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Rebellion against the establishment appeared in many forms in the United States during the 1960s.
Caught up in the rising frustration circling around America’s increased involvement in Vietnam, the racial unrest in many urban areas, and the pressure to conform, a growing number of the younger generation rejected the American way of life.
The resulting movement, termed the counterculture, embraced an alternative lifestyle characterized by long hair, brightly colored clothes, communal living, free sex, and rampant drug use.
Distrustful of the American government and what they perceived as an increasingly materialistic society, hippies and other members of the counterculture attracted a great amount of media attention during the 1960s, including feature articles in magazines such as Time.
Throughout the decade many counterculture events increased the movement’s notoriety, but two in particular, the Summer of Love and Woodstock, epitomized the spirit of the protests.
On January 14, 1967, counterculture leaders called for a “human be-in” in San Francisco, California. Thousands of people answered the call, gathering in Golden Gate Park to promote peace, happiness, and love.
During the spring, more disillusioned youth traveled to San Francisco upon hearing a declaration that the summer of 1967 would be the “Summer of Love.” The Haight-Ashbury neighborhood of San Francisco quickly became the gathering place and home for many displaced youth who came to celebrate the counterculture event.
The Summer of Love boasted music festivals, poetry readings, speeches, and even theater. For the most part, the Summer of Love proved successful in its ability to spread the counterculture message, but by the fall of 1967, increased incidents of crime and drug abuse by hippies gathered in Haight-Ashbury signaled a change in the movement.
Cognizant of the shift away from peace and love within the movement, some hippies proclaimed their own death on October 6, 1967, with the “Death of Hip” Ceremony. Burning a gray coffin labeled the “Summer of Love,” the ceremony acknowledged that the counterculture had transformed into something more sinister than “flower power.”
Although a shift away from peaceful protest had begun in the movement after the Summer of Love, one final significant event grounded in the founding principles of the rebellion against the establishment would leave its mark on history.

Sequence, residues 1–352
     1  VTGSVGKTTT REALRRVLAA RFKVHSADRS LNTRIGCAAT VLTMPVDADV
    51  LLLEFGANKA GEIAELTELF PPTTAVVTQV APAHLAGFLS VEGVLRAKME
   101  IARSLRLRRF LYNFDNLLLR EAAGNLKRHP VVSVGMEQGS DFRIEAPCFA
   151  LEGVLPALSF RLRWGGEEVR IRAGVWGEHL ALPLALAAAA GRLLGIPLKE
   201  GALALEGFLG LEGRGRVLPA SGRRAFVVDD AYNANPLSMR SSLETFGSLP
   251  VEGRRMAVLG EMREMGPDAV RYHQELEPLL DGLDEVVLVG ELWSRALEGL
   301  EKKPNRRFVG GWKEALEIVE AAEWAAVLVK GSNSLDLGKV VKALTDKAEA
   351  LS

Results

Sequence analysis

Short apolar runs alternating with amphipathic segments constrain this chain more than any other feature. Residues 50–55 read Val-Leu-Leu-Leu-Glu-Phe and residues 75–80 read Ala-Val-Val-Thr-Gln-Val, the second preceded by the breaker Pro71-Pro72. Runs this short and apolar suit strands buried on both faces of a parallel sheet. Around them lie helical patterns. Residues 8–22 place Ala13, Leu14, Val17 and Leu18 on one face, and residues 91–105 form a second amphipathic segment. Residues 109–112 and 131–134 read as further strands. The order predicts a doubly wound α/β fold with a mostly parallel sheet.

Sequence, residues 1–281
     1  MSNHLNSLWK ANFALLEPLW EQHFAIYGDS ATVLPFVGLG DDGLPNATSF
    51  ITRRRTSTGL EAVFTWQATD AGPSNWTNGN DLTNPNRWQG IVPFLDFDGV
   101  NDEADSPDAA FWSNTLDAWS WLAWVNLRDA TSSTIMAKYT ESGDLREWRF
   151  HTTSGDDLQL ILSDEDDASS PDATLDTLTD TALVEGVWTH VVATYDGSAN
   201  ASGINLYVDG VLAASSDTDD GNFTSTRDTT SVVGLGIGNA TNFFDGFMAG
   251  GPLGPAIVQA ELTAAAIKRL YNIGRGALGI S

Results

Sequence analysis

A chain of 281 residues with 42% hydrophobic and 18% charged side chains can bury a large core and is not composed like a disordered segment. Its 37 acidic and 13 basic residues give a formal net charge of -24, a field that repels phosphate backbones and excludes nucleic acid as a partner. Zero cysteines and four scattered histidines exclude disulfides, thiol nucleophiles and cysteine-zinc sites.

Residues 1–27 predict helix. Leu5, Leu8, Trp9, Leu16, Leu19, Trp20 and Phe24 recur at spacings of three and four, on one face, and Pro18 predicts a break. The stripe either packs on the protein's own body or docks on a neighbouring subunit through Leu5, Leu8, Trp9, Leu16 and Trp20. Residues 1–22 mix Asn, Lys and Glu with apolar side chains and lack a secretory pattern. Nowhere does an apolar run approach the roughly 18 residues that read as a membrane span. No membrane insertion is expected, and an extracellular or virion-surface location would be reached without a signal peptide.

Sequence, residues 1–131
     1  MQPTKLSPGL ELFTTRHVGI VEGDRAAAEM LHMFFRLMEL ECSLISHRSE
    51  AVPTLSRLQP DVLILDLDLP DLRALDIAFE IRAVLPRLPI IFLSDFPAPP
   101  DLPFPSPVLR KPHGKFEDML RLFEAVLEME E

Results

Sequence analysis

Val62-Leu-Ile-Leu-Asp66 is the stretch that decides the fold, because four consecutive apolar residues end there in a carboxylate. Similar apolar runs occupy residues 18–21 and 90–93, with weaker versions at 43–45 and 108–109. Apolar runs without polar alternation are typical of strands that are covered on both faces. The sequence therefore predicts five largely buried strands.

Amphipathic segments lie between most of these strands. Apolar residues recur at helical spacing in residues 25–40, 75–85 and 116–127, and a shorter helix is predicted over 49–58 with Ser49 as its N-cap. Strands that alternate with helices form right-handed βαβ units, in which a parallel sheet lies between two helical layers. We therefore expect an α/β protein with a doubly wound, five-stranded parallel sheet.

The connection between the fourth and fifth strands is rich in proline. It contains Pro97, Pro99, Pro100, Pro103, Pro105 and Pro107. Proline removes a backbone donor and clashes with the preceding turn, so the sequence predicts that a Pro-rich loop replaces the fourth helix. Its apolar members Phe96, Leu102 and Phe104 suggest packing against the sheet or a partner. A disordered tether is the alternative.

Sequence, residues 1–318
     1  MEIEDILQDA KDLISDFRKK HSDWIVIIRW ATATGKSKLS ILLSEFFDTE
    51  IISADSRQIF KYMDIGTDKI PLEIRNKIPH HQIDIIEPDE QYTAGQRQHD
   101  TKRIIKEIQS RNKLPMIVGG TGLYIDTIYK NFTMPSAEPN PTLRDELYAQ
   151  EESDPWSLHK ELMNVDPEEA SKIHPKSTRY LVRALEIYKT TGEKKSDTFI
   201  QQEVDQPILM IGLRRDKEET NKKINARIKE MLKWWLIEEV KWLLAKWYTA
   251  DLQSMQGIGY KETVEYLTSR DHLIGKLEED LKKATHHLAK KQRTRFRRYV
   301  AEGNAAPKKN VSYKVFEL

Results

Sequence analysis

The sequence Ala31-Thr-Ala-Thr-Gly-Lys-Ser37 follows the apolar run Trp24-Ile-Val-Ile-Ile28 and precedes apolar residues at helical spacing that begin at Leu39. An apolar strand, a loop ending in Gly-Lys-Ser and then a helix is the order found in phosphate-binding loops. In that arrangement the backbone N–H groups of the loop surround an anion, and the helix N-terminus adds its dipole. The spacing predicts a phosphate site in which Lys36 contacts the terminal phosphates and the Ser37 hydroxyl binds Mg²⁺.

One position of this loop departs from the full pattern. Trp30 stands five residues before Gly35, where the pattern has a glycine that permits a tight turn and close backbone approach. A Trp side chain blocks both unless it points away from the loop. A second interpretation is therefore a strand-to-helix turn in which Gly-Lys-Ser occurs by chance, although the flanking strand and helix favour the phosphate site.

Throughout the 1960s, music served as an integral part of the counterculture movement. Seen as a way to both embrace an alternative lifestyle and protest against war and oppression, hippies organized outdoor music festivals across the United States.
The most famous of all the counterculture concerts, Woodstock, took place from August 15-17, 1969. Originally hoping for attendance of 50,000, the promoters of the event, who chose a thousand-acre farm in upstate New York as the site for “The Woodstock Music and Art Fair: An Aquarian Exposition,” seemed as shocked as everyone else when over 500,000 arrived for the three-day affair.
Unprepared for such a large crowd, massive traffic jams ensued, food and water quickly disappeared, and bathroom facilities were scarce. Despite the potential for violence and disaster, the festival advertised as “Three Days of Peace and Music” lived up to its billing.
Listening to popular musicians of the day such as Jimi Hendrix, Joan Baez, and Janis Joplin, concertgoers seemed to bond because of the harsh conditions and a common desire to promote peace and love.
All in all, Woodstock remains a lasting icon of the cultural movement of the 1960s that looked to change the world through its acceptance of values and beliefs that contradicted the established power structure of the United States.
Research by Kathleen Johnson, Volunteer for the Cold War Museum.
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- Farber, David. The Age of Great Dreams: America in the 1960s. New York: Hill and Wang, 1994.
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- Morgan, Edward P. The Sixties Experience: Hard Lessons about Modern America. Philadelphia: Temple University Press, 1991.